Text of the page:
In the Beginning – Dissociation and Me
Disclaimer: The personal account of Missing In Sight is subject to gaps in memory and distortions of time and events. But the happenings listed are true to the best of our knowledge.
When most people hear the name Dissociative Identity Disorder, formerly known as Multiple Personality Disorder, they either run away in fear, judge, or associate the diagnosis with the extreme stories of Sybil, Truddi Chase, and the Three Faces of Eve. That is not how we are.
A simple explanation of Dissociative Disorders is that they run on a spectrum, from just trancing out to poly-fragmented D.I.D, which includes alternate personalities and parts.
Everyone dissociates. The most common example is when one is driving a car and they “zone out” and all of a sudden find themselves in a new place or arriving at their destination and not remembering how they got there. So, in and of itself, dissociation is not uncommon and normal.
But Dissociative Identity Disorder (D.I.D.) is a different animal. It occurs from years of physical and/or sexual abuse or neglect in childhood where the child has to split off to cope with the abuse. The child lives in another world in order to cope with the trauma she is experiencing, and she compartmentalizes her feelings which manifest themselves as parts or alters who take over when she is overwhelmed and unable to cope. We all have “parts” of ourself. Sometimes you will hear someone say, “Part of me just doesn’t know what to do.” With D.I.D., the “parts” carry feelings and thoughts they other parts of ourselves do not know.
Some of the symptoms of D.I.D. are losing time, sometimes minutes, sometimes hours, sometimes years. Major life events may have occurred such as weddings, deaths, graduations, and she has no recollection of them taking place. Time is a foreign concept for her. She may find items in her possession, such as clothes, books, music, that she has no recollection of buying. She may be encounter people with whom she is unfamiliar but who know her intimately. She may also hear voices, laughter, arguing inside her head (not to be confused with schizophrenia, who hear voices from the outside, whereas people with D.I.D. hear voices from the inside.) She may discover writing that she completed, but not recognize the handwriting because one of her parts finished it for her. She may feel unreal, scattered, fuzzy in the head, and like she is watching herself like a movie.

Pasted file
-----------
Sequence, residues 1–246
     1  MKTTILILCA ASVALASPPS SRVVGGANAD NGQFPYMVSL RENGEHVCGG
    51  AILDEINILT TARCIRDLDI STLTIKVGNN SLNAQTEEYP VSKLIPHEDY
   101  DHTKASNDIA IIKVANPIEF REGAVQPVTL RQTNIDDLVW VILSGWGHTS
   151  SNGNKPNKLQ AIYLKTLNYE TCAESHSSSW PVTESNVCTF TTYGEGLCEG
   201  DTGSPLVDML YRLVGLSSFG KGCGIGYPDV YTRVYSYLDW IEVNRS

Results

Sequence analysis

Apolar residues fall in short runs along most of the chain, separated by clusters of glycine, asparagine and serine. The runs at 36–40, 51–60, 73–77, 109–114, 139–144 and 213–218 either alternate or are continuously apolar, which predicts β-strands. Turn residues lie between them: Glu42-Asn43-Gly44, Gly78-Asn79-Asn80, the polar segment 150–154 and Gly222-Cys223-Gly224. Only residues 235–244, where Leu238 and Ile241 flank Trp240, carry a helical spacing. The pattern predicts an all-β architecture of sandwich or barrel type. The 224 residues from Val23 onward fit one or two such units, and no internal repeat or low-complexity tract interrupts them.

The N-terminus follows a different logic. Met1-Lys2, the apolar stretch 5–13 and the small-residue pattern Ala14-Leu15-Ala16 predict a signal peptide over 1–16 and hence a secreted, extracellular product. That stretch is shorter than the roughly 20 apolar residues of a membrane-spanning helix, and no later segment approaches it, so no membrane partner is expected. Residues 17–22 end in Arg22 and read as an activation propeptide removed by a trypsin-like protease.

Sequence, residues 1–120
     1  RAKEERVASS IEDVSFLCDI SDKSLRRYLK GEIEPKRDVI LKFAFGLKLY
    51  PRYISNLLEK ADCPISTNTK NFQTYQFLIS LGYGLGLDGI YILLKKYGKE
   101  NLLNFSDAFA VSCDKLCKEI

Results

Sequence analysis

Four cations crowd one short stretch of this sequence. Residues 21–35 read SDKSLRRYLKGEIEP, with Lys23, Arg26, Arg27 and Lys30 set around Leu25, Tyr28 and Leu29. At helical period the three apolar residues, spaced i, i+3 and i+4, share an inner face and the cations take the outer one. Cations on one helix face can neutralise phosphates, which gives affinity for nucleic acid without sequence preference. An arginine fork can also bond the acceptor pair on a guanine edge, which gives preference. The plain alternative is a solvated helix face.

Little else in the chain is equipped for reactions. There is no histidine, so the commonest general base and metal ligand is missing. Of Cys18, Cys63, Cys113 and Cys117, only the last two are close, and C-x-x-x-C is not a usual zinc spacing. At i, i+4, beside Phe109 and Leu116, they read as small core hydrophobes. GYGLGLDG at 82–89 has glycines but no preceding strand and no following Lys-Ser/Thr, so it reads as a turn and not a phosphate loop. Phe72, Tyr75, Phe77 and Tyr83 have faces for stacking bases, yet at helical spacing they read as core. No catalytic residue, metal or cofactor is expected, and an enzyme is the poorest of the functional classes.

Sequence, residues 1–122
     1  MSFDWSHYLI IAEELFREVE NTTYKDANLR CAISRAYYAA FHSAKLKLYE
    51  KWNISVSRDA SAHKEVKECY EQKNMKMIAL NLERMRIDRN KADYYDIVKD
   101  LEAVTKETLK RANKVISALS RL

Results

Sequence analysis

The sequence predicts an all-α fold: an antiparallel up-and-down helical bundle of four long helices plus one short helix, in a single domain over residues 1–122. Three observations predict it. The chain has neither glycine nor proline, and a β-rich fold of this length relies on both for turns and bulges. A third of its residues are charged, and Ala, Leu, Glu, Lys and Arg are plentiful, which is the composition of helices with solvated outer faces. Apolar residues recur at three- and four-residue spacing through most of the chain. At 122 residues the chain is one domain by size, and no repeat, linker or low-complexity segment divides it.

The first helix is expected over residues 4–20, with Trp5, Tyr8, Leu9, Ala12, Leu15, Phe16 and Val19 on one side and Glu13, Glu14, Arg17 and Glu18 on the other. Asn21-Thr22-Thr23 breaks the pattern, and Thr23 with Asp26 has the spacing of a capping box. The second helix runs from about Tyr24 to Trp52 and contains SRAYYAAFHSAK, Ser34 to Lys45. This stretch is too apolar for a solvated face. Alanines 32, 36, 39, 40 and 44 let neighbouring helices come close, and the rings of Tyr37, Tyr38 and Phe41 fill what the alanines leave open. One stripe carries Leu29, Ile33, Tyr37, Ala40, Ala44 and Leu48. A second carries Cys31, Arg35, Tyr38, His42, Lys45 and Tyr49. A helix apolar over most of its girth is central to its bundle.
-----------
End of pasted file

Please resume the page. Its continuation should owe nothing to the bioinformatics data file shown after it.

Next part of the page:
When I was first diagnosed with the disorder, it was called Multiple Personality Disorder (M.P.D.), which is much scarier than the benign diagnosis of D.I.D. To be diagnosed with M.P.D. meant the stigma of being crazy, abnormal, weird, and a freak. No one you would want to know.
I was diagnosed in the early 90s by Dr. C., my psychiatrist/therapist, who I had been seeing for about 3-5 years. I began seeing Dr. C, while being hospitalized in 1992. In those days, long hospital stays were the norm, and I was in the hospital, in some form, as an inpatient, in the half-way house, or in the Partial Program, for almost a year. During my stay in the hospital and in outpatient therapy, I was diagnosed with many different illnesses. It was thought that I had Clinical Depression, Bi-Polar depression (as it was called then), Anxiety Disorders, Borderline Personality Disorder, Obsessive Compulsive Disorder, Alcoholism, Post Traumatic Stress Disorder, and insanity in general. In my research, I would come to learn that many patients diagnosed with D.I.D. go through an average of seven years in the mental health system with the wrong diagnosis.
After seeing Dr. C for many years, he diagnosed me with M.P.D., but I wasn’t believing it. I knew why he gave me the diagnosis, but I wouldn’t believe it. To me, telling me I had M.P.D. was telling me I was abnormal, a freak, I was crazy. I just couldn’t believe that something so serious was wrong with me. So I left seeing him. But — somewhere deep, deep, deep down inside — there was a nagging feeling that there was some truth to his diagnosis.
But I found a new therapist, Tammy, had interned at the hospital I had previously been in, who was now a licensed counselor. I trusted that she wouldn’t deliver such an erroneous diagnosis to me and would help me with the issues of childhood trauma I knew with which I was dealing. But that was all the help I wanted. After seeing her for I can’t I remember how long, I told her incredulously the diagnosis Dr. C had given me, and she laughed at me and told me it was true. She agreed independently with his diagnosis. She said she had known it for a while; said she had recognized it in me.